Sarah Welsh: Becoming a centenarian

Sarah WelshHow long do you expect to live… 70? 80? Maybe even 90? Many consider being around in your 80s is an impressive feat. Yet, new figures suggest as many as 11 million people alive today will live to see their 100th birthday.

According to new data from the Office for National Statistics, over a quarter of today’s children aged 16 and younger, are predicted to reach the 100 landmark.

Many of us hope for a long, healthy, and fulfilling life. So how do we do it? All the usual health advice applies– eat healthily, do not drink too much alcohol, do not smoke, stay active, keep social contacts, have regular health check-ups, etc, etc.

On top of these environmental aspects, it is well regarded that genetic factors influence our ageing process. Last year the journal Science identified a group of genetic variants that can predict exceptional longevity in humans with an accuracy of 77 percent.

The estimated number of centenarians in the UK has more than tripled in the last 25 years and has more than quadrupled since 1981, when the number of people aged 100 years or more was only 2,600.

With a great deal of attention paid to our obese society and under-active children, it may come as a shock that so many of us are expected to reach 100 years old. Nonetheless, medical advances continue to amaze us. Today’s mature citizens have chronic illnesses, such as cancers and heart conditions, but are more likely than their ancestors to survive them because they are diagnosed earlier and get better treatment. This is ever-improving, with inspiring new research and raising public health awareness about the process of ageing and diseases of old age.

Lots of people strive to be a centenarian. Having a friend or relative of 100 years old amazes others. Indeed, I would love to live until 100, though there are some personal requirements that I would feel necessary in order to be ‘happy.’ As a young and naïve 22 year old, some may say this is too early to predict. However, I would willingly choose to live 80 happy years in good health, over 100 years with the final 20 cripplingly disabled, and I expect I am in the majority. There is great emphasis in healthcare, rightly so, on ‘quality of life.’

Long-life with associated ill health, consequently, raises issues of euthanasia. Assisted dying is a well-debated topic, with strong viewpoints on both sides of the argument. It is becoming an increasingly relevant matter with more and more people living so long. The possibility of legalisation, I dare say, is real.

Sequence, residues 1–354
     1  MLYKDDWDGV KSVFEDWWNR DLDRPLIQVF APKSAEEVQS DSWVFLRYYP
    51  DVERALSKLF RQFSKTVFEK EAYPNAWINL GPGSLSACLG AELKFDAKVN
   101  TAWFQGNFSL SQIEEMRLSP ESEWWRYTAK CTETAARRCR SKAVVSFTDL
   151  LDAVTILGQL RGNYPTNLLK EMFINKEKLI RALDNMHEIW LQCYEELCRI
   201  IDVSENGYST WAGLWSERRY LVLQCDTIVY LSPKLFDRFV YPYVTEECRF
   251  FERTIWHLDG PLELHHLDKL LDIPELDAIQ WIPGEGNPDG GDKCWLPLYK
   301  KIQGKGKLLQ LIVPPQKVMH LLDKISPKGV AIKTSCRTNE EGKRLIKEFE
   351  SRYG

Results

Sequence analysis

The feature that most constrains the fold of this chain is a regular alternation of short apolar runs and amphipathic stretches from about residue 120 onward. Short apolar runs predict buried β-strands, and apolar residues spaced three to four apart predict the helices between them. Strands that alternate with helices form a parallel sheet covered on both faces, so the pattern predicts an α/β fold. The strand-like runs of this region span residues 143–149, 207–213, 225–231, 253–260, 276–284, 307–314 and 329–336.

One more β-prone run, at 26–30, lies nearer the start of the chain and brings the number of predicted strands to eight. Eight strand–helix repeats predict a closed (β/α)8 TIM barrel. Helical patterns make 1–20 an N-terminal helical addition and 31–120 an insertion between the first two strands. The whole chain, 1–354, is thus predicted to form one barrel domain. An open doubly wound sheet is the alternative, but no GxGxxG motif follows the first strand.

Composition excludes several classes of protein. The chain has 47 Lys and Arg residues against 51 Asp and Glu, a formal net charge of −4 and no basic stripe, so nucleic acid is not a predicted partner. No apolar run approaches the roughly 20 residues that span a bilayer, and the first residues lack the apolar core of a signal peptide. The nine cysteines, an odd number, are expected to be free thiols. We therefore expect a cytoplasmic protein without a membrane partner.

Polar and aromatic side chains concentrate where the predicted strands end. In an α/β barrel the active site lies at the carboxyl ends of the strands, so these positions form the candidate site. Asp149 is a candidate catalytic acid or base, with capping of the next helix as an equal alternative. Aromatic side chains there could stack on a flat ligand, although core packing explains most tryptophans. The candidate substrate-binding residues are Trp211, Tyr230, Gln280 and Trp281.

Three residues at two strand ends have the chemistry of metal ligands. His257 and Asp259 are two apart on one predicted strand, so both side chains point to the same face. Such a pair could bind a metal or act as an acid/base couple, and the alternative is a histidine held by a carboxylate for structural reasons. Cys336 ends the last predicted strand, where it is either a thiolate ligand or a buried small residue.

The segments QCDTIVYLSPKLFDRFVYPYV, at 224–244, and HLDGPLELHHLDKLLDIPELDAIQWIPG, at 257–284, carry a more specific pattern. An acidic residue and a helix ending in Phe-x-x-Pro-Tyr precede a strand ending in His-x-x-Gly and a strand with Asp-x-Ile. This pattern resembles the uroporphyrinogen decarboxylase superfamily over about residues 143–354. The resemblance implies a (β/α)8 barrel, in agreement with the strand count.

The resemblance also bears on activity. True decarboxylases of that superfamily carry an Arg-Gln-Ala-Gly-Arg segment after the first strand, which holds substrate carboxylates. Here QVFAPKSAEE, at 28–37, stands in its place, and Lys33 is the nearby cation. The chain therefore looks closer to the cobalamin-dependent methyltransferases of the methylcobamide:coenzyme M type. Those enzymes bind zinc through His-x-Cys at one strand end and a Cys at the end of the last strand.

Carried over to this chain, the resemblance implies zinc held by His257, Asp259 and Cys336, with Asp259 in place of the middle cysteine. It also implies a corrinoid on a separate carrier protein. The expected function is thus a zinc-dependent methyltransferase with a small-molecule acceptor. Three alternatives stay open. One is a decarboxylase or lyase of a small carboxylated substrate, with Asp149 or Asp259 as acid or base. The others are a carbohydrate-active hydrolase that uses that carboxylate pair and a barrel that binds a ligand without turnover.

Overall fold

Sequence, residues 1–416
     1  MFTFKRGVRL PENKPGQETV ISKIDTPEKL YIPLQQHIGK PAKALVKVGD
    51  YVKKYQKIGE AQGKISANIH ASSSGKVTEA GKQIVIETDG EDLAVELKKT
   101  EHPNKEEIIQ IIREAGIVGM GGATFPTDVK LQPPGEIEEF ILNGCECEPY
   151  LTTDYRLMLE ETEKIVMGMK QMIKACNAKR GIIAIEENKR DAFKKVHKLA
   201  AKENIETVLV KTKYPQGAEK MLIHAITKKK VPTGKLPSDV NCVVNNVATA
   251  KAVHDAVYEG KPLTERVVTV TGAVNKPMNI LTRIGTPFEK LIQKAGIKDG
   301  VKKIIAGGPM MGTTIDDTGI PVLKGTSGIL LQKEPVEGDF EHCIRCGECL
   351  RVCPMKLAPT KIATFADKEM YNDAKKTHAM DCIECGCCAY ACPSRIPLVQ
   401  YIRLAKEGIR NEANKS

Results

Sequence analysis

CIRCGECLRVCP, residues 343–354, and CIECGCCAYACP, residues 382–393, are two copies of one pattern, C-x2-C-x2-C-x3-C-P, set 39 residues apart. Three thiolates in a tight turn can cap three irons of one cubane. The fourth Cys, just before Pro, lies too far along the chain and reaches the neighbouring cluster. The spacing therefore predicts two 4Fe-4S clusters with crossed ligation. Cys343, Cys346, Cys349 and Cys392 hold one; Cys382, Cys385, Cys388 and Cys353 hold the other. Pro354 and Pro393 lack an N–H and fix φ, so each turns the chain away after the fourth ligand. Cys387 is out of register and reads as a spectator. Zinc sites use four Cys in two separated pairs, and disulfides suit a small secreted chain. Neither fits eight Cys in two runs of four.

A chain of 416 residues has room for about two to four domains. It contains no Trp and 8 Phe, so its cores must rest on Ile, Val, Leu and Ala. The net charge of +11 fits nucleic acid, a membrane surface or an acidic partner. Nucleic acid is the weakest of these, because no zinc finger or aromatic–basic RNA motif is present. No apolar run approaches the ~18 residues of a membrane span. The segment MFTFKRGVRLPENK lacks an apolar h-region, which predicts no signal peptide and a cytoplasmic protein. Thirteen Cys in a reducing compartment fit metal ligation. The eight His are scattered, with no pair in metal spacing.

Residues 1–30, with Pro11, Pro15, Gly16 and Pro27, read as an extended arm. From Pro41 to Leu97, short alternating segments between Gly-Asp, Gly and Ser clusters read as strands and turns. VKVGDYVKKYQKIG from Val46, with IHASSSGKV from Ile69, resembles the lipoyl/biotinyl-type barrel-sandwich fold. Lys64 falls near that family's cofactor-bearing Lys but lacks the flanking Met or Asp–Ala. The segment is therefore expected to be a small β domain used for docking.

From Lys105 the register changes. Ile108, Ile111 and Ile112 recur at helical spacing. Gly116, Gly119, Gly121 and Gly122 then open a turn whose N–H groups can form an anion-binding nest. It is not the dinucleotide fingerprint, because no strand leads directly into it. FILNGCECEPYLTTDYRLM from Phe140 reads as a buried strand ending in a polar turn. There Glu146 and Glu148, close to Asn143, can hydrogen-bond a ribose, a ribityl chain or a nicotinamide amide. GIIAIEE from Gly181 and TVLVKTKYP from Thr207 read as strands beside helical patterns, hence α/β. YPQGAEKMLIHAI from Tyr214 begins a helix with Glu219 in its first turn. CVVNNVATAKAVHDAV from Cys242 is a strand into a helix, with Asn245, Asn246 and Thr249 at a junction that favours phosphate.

Equally, it is important to acknowledge that not everyone wants to live for so long. We all know people who smoke, take drugs, drink and eat junk food in excess, “because they enjoy it.” These people prefer to take pleasure in what is regarded as anti-longevity, than live for 100 years. There is an argument that such habits alter quality of life, but it is all part of one’s informed lifestyle choices.

The world’s certified oldest man, Walter Breuning, passed away aged 114 at the beginning of April this year in the US. He put his longevity down to eating only two meals a day and working for as long as he could (until aged 99!). Inevitably, we will be working for more years and the pension problem is only set to increase with escalating age.

Another question old age brings, is when to have children. The most fertile period is in a woman’s 20s and 30s. Despite medical advances in fertility treatment and embryo freezing, this fertility period is not expected to change. However, with people living to 100, will lifestyle timelines change? And will this mean mothers want to have children later, something that is already becoming the trend?

An increasingly aged population raises numerous questions about services and government policies, challenging demographic experts and medics alike. However, the prediction that so many of us will live to see 100 years should be celebrated. And if you ask nicely, you are entitled to a telegram from the queen… Who wants to join the 100-club?

Sarah Welsh is a clegg scholar, Student BMJ